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Discussion Starter · #1 ·
It’s not easy to develop an appreciation for Thai cinema, especially in the States. Many titles are only released on VCD, which has an image quality comparable to VHS, and usually no subtitles. Many of the DVDs are in PAL format and/or coded to region 3, so require a multi-region deck. And most of the films are disappointing, with modest production values, overly-long narrative and a lot of off-screen action. But every once in a while one can find a gem.

I watched Ong Bak 2 last week. Some amazing action choreography. I tried for the third time to watch the first Ong Bak, but the English subtitles on the copy I bought in Thailand are so poorly translated, I find them more difficult to comprehend than the Thai language track. Unfortunately, the movie doesn’t really have an ending. It’s more of a teaser for Ong Bak 3.

And I just watched Sita Sings the Blues, a funky, jazzy, fusion animated version of the Ramayana tale that, in addition to being very entertaining, actually makes some sense of the story for Western dullards like myself. It’s actually an Indian film, although the legend is part of Thai culture.

I’ve seen a couple of good Thai movies, including The Legend of Suriyothai, Sema the Warrior of Ayodhaya, Siam Renaissance, Overture and Hitman File. I’ve also seen some decidedly mediocre Thai films.

Any recommendations?
 

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It’s not easy to develop an appreciation for Thai cinema, especially in the States. Many titles are only released on VCD, which has an image quality comparable to VHS, and usually no subtitles. Many of the DVDs are in PAL format and/or coded to region 3, so require a multi-region deck. And most of the films are disappointing, with modest production values, overly-long narrative and a lot of off-screen action. But every once in a while one can find a gem.

I watched Ong Bak 2 last week. Some amazing action choreography. I tried for the third time to watch the first Ong Bak, but the English subtitles on the copy I bought in Thailand are so poorly translated, I find them more difficult to comprehend than the Thai language track. Unfortunately, the movie doesn’t really have an ending. It’s more of a teaser for Ong Bak 3.

And I just watched Sita Sings the Blues, a funky, jazzy, fusion animated version of the Ramayana tale that, in addition to being very entertaining, actually makes some sense of the story for Western dullards like myself. It’s actually an Indian film, although the legend is part of Thai culture.

I’ve seen a couple of good Thai movies, including The Legend of Suriyothai, Sema the Warrior of Ayodhaya, Siam Renaissance, Overture and Hitman File. I’ve also seen some decidedly mediocre Thai films.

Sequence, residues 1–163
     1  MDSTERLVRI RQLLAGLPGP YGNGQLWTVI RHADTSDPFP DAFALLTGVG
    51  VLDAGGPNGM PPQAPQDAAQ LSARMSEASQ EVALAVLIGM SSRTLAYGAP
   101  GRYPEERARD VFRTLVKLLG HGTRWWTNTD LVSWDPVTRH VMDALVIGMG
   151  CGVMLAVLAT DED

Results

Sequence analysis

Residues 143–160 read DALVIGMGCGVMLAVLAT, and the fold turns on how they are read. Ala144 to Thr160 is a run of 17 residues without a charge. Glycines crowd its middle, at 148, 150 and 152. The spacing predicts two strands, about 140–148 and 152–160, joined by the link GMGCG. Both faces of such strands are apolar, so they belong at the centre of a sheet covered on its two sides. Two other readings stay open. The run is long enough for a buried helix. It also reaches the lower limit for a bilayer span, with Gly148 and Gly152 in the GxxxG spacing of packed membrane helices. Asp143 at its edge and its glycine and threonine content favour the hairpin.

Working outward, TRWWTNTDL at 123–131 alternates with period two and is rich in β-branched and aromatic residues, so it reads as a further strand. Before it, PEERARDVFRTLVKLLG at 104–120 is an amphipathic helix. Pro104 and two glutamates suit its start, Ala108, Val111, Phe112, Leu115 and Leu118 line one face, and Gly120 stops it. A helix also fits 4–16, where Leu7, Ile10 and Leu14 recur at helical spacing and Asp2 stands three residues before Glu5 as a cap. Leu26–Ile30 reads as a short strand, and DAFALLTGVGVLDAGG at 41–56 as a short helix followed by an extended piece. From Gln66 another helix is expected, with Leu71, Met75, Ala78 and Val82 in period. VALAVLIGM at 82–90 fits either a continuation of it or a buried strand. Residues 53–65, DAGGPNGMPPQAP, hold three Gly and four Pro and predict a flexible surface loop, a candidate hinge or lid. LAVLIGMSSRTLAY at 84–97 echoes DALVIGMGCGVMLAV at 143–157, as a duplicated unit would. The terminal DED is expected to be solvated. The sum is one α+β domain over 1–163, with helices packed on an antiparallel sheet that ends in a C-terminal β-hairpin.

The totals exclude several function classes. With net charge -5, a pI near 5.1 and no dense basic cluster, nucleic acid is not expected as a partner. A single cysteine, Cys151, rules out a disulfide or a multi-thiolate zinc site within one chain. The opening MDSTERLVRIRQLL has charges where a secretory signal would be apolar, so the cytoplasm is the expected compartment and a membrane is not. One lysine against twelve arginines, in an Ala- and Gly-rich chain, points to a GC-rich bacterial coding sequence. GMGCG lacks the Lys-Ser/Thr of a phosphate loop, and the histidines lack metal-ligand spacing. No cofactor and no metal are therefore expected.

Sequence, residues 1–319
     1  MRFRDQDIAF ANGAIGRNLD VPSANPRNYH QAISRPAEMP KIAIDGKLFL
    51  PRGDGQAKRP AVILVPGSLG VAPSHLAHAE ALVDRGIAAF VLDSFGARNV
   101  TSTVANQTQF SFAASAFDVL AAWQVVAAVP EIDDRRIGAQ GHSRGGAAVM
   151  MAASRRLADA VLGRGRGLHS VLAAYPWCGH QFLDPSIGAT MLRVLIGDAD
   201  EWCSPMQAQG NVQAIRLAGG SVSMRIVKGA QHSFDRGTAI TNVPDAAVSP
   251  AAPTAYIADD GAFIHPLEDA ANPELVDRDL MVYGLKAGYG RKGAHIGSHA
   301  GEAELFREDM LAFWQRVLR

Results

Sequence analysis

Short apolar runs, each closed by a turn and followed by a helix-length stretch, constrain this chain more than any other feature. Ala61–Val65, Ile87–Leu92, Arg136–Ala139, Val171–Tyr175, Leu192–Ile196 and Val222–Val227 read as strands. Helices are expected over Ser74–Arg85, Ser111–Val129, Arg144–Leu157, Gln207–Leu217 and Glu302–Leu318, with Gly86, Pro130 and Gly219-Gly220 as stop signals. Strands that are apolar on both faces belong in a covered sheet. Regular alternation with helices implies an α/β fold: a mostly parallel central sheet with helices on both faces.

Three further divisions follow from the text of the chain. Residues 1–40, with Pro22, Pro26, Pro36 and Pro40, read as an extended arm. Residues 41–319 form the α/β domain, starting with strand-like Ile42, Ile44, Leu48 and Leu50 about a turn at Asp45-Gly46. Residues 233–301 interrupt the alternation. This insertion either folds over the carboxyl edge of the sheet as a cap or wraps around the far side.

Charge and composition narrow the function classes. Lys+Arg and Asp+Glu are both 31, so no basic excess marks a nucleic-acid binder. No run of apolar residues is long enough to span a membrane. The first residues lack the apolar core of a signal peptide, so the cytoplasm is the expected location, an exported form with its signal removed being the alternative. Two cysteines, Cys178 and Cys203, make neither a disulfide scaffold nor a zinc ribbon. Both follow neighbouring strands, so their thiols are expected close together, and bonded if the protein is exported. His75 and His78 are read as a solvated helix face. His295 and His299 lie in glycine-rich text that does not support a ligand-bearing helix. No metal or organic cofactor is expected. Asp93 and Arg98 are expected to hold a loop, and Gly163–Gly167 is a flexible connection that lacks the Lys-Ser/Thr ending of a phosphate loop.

Any recommendations?
Tom Yum Goong (also Tony Ja/Mum from Ong Buk). OB1 was realeased in the west at cinemas, so you should be able to source a localy copy sans American subtitles (try Amazon).

Thai horror movies are usually rubbish, but the original Eye was great, much better than the American remake! Thai comedies are either based on the TV shows (stage set sit coms) or pretty good - doesn't seem to possible for them to be both IMO.
 

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Discussion Starter · #3 ·
Yes and No

I agree that the original version of The Eye, directed by the Pang brothers (who also directed the original version of Bangkok Dangerous), and starring Angelica Lee is better than the remake with Jessica Alba, despite the improved special effects. The sequel, starring Shu Qi, had a good premise, but the visualization was a bit ridiculous. But Shu Qi can just stand there looking cute and I’ll buy the DVD. I’ve had an adolescent crush on her (not that I’m an adolescent any longer) since watching So Close, which is the film that inspired my love for Hong Kong film. It’s not a great movie, certainly not the best of its gender-melding category, but it was the first I happened to see. The premise is ridiculous and some of the dialogue is unrealistic, to put it mildly. But I was blown over by the action choreography and how they merged the action and romance genres.

However, The Eye was actually a Hong Kong/Singapore production shot partially in Thailand, not a Thai movie. Many, if not most, of the new releases I see in Thai book stores are actually Hong Kong, Korean or Japanese productions with Thai packaging. If the cover has the title in Thai and English, it’s often an import.

I’m trying to plough through Invisible Waves, which got mixed reviews. It’s a Thai movie with a Thai director (Pen-Ek Ratanaruang), a Japanese leading man (Tadanobu Asano), a multi-cultural cast (including Eric Tsang); dialogue in Thai, English, Japanese and Korean; and multinational locations. Really nice packaging, but no English subtitles in my edition. It’s a bit slow and disjointed, but moody and nicely photographed.
 

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Discussion Starter · #4 ·
องค์บาก

I got a copy of the Magnolia release of Ong Bak (องค์บาก) and and was pleased to the subtitles were coherent. With the subtitles as a crutch, I could actually follow some of the dialogue.

It's not a bad story, although none of the guys at the Thai Cultural Center where I study claim to have engaged in the competition where they smear mud on their bodies and climb a tree while knocking their competitors to the ground.